Mar 20, 2014
Today Ranking Member Henry A. Waxman, Health Subcommittee Ranking Member Frank Pallone, Jr., and Oversight and Investigations Subcommittee Ranking Member Diana DeGette sent a letter to Gilead Sciences Inc. Chief Executive Officer John C. Martin to request a briefing on pricing of the company’s recently approved Hepatitis C drug, Sovaldi. Reports indicate that Gilead intends to sell Sovaldi at $84,000 per treatment, which will affect coverage for patients with public or private insurance.
FDA approved Sovaldi in December 2013 after the drug received an FDA Priority Review and Breakthrough Therapy designation, which is intended to expedite review of drugs for serious or life-threatening conditions.
The full text of the letter is available below and online here.
March 20, 2014
Dr. John C. Martin, PhD
Chief Executive Officer
Gilead Sciences Inc.
333 Lakeside Drive
Foster City, CA 94404
Dear Dr. Martin:
We are writing to request a briefing from Gilead Sciences Inc. to answer important questions about the pricing of the company's recently approved Hepatitis C drug, Sovaldi.
A breakthrough treatment for Hepatitis C could result in significant public health benefits. Approximately 3.2 million Americans have a chronic Hepatitis C infection, and the illness causes approximately 15,000 deaths in the United States annually. There is no vaccine for Hepatitis C, which causes fatal cirrhosis or liver cancer in up to 5% of affected individuals.
There is evidence that Sovaldi could be a breakthrough treatment. According to FDA, “Sovaldi was effective in treating multiple types of the hepatitis C virus. … demonstrat[ing] efficacy in participants who could not tolerate or take an interferon-based treatment regimen and in participants with liver cancer awaiting liver transplantation, addressing unmet medical needs in these populations.”
Our concern is that a treatment will not cure patients if they cannot afford it. Reports indicate that Gilead intends to sell Sovaldi at $84,000 per treatment. In cases where Sovaldi is prescribed with other treatments the costs could be even higher. According to a recent Reuters report, “many doctors are requesting a $150,000 combination of Sovaldi … and Olysio.”
These costs are likely to be too high for many patients, both those with public insurance and those with private insurance. Because Hepatitis C is “concentrated in low-income, minority patients,” the affordability problems are likely to be particularly acute for state Medicaid programs and those patients served by these programs. Colorado and Pennsylvania have already announced that their Medicaid programs will be limiting use of the new drug to “only the sickest patients,” such as those already suffering from liver disease. California’s Medicaid program is still considering how and when to reimburse for the drug. The large pharmacy benefit manager Express Scripts has said it is “encouraging some doctors in its networks to delay prescribing Sovaldi.” Even in cases where public or private insurers pay for the medication, it will impose substantial costs on taxpayers and could cause premium increases for those with employer or individual coverage.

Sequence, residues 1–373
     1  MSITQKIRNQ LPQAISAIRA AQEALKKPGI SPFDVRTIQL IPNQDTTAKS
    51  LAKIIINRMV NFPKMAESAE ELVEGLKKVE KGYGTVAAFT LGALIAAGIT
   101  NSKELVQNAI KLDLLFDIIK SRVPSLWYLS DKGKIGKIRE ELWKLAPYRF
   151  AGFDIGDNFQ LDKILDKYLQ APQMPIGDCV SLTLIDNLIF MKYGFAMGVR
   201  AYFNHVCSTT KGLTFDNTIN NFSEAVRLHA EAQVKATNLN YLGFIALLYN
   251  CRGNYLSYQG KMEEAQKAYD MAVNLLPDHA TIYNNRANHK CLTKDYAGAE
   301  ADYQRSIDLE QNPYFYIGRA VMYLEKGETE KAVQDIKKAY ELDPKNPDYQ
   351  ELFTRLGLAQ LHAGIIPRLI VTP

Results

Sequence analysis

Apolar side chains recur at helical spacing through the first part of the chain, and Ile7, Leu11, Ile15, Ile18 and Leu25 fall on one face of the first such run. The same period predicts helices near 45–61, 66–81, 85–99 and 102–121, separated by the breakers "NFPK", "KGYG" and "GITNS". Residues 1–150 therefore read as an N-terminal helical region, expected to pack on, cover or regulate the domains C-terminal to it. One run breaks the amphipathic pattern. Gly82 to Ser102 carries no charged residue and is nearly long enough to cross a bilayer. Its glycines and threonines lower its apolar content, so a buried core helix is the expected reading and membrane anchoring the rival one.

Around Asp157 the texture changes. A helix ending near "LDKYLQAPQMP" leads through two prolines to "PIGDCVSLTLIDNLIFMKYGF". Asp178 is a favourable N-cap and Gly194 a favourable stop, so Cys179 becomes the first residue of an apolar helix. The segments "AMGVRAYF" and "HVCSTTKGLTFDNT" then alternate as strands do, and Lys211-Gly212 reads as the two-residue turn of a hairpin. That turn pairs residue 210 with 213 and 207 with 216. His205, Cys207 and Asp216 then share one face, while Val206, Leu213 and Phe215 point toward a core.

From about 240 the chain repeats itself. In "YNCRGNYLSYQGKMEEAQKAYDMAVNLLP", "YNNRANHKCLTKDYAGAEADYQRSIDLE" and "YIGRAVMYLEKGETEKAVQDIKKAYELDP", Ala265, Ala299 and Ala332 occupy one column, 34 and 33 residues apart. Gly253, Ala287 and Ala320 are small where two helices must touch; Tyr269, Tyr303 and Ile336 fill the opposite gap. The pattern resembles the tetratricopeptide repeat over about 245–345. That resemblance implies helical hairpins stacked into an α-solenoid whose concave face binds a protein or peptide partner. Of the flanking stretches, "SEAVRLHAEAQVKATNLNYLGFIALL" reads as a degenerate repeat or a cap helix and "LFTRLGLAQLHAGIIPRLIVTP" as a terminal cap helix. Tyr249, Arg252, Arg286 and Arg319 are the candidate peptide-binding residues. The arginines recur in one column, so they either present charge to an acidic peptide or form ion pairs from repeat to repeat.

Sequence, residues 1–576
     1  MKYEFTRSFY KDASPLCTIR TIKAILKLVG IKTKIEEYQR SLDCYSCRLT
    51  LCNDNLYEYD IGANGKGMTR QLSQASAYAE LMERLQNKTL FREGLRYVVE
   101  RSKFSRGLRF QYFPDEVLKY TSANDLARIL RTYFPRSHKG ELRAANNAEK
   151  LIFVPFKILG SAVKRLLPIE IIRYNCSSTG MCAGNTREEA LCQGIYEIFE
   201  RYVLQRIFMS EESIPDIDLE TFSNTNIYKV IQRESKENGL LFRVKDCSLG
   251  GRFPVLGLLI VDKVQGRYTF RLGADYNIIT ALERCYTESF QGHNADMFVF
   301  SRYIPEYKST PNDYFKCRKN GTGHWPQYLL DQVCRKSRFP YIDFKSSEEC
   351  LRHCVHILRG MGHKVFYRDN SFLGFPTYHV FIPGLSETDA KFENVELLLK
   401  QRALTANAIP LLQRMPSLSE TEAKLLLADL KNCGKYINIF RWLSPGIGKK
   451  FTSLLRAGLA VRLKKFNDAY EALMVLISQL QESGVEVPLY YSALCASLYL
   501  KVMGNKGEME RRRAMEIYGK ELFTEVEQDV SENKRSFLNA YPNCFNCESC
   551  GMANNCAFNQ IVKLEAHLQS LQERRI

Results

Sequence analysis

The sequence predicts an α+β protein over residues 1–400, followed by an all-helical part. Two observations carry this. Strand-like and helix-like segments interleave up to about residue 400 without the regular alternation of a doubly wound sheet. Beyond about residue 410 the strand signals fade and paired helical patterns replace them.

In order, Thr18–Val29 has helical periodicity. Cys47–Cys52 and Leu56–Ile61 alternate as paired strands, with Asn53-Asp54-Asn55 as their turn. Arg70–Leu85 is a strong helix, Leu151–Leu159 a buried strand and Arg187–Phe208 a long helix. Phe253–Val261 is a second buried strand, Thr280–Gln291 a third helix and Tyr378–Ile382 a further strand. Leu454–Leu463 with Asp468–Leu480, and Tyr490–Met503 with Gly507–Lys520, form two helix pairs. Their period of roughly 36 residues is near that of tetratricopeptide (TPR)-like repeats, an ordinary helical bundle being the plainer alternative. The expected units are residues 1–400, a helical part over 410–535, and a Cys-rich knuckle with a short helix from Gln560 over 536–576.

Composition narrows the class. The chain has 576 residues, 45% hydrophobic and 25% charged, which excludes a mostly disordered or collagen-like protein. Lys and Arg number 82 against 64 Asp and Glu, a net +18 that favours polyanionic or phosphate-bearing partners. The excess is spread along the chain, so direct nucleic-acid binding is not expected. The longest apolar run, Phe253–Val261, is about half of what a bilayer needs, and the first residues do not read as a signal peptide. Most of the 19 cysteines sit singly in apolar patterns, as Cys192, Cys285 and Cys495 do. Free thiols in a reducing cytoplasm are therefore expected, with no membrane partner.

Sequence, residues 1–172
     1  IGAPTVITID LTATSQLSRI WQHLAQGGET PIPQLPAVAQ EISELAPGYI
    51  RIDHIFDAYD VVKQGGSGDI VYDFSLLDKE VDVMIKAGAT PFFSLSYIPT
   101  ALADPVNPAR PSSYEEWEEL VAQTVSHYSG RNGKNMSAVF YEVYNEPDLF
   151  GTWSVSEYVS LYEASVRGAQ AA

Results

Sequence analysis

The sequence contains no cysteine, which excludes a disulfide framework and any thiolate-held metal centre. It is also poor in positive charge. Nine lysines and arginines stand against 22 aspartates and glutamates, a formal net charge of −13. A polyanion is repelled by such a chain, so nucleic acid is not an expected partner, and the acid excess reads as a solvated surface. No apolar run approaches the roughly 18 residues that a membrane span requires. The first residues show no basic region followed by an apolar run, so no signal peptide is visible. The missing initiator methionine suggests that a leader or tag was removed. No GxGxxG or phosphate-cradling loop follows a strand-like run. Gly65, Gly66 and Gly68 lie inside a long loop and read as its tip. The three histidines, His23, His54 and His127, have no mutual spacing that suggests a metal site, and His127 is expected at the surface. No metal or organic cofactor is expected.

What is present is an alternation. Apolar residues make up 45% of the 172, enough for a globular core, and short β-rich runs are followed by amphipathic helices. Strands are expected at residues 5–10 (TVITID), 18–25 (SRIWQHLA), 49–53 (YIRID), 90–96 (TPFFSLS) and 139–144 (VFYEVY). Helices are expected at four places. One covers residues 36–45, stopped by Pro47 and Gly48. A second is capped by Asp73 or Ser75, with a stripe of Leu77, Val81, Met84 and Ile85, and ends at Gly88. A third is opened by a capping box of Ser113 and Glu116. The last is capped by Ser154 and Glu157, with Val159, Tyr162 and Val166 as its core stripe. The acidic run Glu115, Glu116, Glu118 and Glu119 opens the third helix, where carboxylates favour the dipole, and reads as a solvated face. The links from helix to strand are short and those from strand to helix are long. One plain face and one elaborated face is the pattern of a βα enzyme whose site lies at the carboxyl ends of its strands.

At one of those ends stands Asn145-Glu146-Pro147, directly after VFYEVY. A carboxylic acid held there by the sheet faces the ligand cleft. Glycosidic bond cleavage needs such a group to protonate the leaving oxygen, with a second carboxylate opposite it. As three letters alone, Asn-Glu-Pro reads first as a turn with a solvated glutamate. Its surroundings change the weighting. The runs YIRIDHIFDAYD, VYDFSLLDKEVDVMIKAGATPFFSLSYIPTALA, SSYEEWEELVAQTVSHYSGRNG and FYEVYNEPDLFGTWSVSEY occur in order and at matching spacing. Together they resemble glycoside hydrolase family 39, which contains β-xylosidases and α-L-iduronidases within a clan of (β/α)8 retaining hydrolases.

The extraordinarily high cost of your drug raises additional concerns because of the role of the federal government in speeding its approval. In April 2013, Gilead submitted a New Drug Application to the Food and Drug Administration for approval of Sovaldi for the treatment of Hepatitis C. As part of the request, Gilead filed for and received a Priority Review and Breakthrough Therapy designation, which reduces the FDA review goal date from ten to six months. This designation is awarded to medicines that meet certain criteria, including “that the drug may have substantial improvement on at least one clinically significant endpoint over available therapy.” The FDA approved Sovaldi on an expedited basis on December 6, 2013.
This history raises many questions about Gilead's approach to pricing this drug and the impact the high cost may have on public health. In order to address these issues, we ask that you brief Committee staff on a number of key questions, including:
(1) The methodology used by Gilead to establish Sovaldi's pricing.
(2) The extent to which Gilead is providing discounts to low-income patients and to key government or private-sector purchasers of the drug.
(3) The value to the company of the expedited review provided under the Priority Review and Breakthrough Therapy designation and how any savings provided by the expedited review factored into pricing decisions for the drug.
(4) The public health impact of insurers’ and public health programs’ decisions not to cover Sovaldi for all patients with Hepatitis C.
We ask that you provide this briefing no later than April 3, 2014. Please contact Brian Cohen of the Committee staff at (202) 225-3641 if you have any questions.
Henry A. Waxman
Frank Pallone, Jr.
Subcommittee on Health
Subcommittee on Oversight and Investigations